New European Commentary


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Deeper Commentary

Psa 24:1 A Psalm by David- This Psalm may have been used when David brought up the ark of God from the house of Obed-Edom to the sanctuary on Zion (2 Sam. 6:12). Perhaps the Levites who carried it sung this, or it was sung by a choir of Levites at this time.

The earth is Yahweh’s, with all its fullness; the world, and they who dwell in it-
The fact that "the earth is the Lord's" is used to highlight the wonder of the fact that therefore how much moreso do His people belong to Him, and are cared for by Him with such sensitivity (Ex. 19:5; Dt. 10:14; Ps. 50:12; 89:11). Just as the eretz / earth / land promised to Abraham is Yahweh's, so is in fact the entire planet, and His purpose was perceived by David as incorporating the entire planet and not just Israel.

Psa 24:2 For He has founded it on the seas, and established it on the floods-
The eretz in view in :1 was the territory promised to Abraham, greater Israel. It is presented as founded upon the seas and rivers ("floods") of Gentile nations; for as noted on :1, the eretz is paralleled with the entire world. David perceived God's intention was that the Gentiles should also come to Israel's God.   

Psa 24:3 Who may ascend to Yahweh’s hill? Who may stand in His holy place?-
This rhetorical question is given in the context of having implied that people well beyond Israel had a place in God's Kingdom. But that Kingdom was not just for any Israelite; it was for anyone who kept His ways as later defined in the Psalm. And it seems David is saying that the sanctuary on mount Zion, God's holy hill, was open to all regardless of ethnicity. And even entrance into the holy place was no longer just for Levites, but for whoever was spiritually qualified. David himself was not a Levite but at times acted as one.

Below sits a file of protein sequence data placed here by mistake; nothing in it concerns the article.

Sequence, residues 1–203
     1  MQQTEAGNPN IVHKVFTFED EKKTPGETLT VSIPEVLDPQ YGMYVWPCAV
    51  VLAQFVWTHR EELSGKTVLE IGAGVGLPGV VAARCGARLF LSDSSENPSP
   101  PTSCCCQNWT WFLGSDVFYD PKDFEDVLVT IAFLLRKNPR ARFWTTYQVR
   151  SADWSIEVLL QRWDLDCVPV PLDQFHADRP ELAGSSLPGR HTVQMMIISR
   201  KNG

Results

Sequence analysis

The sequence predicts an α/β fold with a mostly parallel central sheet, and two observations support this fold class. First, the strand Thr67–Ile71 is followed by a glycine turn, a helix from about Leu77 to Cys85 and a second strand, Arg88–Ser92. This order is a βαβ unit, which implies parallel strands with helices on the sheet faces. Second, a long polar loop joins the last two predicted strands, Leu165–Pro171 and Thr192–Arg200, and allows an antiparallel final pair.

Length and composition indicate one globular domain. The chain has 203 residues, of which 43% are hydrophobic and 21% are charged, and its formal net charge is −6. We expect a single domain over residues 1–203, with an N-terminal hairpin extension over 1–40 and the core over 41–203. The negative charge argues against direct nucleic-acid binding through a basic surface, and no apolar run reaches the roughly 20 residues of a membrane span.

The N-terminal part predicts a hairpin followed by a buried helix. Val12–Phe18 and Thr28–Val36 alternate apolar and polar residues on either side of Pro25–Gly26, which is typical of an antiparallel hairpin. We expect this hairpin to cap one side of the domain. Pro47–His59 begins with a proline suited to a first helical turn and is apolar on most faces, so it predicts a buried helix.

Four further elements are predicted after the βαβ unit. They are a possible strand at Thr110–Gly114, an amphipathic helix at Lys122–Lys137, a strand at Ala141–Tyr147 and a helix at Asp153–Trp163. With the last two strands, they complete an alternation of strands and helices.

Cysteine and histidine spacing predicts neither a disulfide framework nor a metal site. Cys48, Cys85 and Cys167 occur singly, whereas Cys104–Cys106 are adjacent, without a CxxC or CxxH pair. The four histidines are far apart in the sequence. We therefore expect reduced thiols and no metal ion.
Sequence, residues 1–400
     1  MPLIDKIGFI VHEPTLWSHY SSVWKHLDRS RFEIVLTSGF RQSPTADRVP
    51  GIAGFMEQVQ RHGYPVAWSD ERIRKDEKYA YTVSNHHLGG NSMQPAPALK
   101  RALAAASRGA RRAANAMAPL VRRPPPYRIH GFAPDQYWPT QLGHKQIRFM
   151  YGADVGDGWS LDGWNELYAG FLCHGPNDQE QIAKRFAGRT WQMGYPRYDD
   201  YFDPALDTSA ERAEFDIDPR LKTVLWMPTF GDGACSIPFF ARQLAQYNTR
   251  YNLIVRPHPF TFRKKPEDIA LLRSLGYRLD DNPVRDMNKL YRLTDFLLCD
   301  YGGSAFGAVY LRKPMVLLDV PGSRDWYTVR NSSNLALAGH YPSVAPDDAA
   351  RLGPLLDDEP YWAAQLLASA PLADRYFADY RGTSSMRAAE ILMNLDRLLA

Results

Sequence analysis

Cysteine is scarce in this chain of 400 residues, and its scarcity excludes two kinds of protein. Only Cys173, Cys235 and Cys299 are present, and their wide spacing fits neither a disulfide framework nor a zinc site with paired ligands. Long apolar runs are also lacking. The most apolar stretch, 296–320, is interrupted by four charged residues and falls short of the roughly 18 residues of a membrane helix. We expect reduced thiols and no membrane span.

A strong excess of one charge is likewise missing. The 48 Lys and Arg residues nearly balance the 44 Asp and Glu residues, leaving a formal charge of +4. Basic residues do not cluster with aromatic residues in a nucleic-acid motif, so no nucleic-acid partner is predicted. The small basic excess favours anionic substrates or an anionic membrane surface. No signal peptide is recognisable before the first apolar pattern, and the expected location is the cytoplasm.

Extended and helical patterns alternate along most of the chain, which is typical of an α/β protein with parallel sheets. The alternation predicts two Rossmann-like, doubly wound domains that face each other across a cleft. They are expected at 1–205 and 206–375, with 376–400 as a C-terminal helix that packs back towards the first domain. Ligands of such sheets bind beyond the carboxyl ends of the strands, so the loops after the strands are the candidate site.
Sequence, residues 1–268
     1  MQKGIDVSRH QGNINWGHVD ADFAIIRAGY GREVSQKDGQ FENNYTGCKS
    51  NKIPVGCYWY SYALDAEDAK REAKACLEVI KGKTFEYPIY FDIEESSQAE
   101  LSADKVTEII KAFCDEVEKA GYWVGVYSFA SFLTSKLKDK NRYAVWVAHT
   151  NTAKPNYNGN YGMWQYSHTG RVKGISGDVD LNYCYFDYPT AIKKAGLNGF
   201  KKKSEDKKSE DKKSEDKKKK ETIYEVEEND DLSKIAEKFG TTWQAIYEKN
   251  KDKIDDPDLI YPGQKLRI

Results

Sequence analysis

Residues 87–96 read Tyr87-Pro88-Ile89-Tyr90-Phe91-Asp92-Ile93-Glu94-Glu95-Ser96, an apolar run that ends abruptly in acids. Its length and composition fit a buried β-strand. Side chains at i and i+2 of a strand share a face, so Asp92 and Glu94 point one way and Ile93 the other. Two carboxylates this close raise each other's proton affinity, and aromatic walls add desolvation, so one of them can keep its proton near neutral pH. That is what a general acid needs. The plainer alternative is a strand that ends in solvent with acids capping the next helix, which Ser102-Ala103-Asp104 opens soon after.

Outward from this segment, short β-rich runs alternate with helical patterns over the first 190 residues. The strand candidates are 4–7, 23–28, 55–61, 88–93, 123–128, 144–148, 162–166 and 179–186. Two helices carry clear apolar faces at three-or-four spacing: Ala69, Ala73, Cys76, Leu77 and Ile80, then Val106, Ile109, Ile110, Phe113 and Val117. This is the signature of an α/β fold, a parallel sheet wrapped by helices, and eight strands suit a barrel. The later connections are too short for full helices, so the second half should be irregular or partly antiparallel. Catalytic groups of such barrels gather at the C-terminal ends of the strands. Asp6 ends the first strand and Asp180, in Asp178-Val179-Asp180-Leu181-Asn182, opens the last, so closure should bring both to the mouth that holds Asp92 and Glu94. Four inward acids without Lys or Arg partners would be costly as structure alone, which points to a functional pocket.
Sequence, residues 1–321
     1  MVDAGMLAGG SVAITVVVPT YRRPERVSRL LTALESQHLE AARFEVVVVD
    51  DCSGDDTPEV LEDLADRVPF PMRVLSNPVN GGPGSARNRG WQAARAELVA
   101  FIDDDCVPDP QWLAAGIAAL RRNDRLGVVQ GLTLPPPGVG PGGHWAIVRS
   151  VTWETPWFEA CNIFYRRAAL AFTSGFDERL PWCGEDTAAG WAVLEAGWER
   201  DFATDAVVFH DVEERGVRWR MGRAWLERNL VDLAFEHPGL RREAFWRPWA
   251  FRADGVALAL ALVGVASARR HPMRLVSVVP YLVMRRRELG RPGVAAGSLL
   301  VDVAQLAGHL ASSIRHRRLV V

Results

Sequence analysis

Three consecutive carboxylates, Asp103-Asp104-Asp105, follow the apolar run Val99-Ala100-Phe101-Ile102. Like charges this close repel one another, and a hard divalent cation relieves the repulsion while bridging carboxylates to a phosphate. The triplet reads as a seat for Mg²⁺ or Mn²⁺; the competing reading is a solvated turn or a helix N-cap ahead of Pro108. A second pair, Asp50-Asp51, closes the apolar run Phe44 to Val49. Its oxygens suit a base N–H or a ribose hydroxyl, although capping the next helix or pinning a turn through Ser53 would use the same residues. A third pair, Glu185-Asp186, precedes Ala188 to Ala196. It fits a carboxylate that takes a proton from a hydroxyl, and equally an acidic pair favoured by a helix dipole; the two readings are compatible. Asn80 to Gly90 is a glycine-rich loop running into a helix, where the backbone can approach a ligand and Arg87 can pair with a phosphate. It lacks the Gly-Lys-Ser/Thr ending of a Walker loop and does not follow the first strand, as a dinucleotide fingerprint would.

Psa 24:4 He who has clean hands and a pure heart; who has not lifted up his soul to falsehood, and has not sworn deceitfully-
Throughout David’s Psalms in Ps. 1-72, he repeatedly asks for torture upon the sinners and blessing upon himself as the righteous. He speaks of how sinners should be “contemned” in the eyes of the righteous (Ps. 15:4), the gatherings of sinners should be “hated” and sinners should not be fellowshipped (Ps. 26:4-6; Ps. 31:6) and how God’s uprightness is shown to the upright and His judgment to the judgmental (Ps. 18:25,26; Ps. 33:22). He invites God’s judgment upon himself and others according to their and his works (Ps. 28:4).  Frequently he alludes to Saul as “the violent man”- even though David committed his share of violence- and asks judgment upon him (Ps. 18:48). Only those with clean hands and pure heart like himself could have fellowship with God (Ps. 24:3,4). Psalm 37 doesn’t indicate any desire to convert the sinners but rather an expectation of their judgment and destruction. God and David laugh at the wicked because their day is coming (Ps. 37:13). There’s no spirit of grace here at all- perhaps that’s why Zech. 12:10 specifically says that the spirit of grace will have to be poured out upon the house of David in the last days. This attitude changed after the sin with Bathsheba, but still something of the old self righteousness and judgmental attitudes are to be found in David in Psalms written after that.

In describing his feelings after the Bathsheba experience, David comments that he was "as a man that hears not [the taunts of others against him], and in whose mouth are no rebukes" (Ps. 38:14). The pre-Bathsheba Psalms present David as a man who was so easily hurt by the taunts of others, and whose mouth was indeed full of rebuke of others. Psalms 24, 25 and 26 are full of David explaining that fellowship with God was dependent upon a man's "integrity", walking in truth, hating sinners, personal innocence, "uprightness", clean hands and pure heart. And throughout these Psalms, David holds up himself as the great example.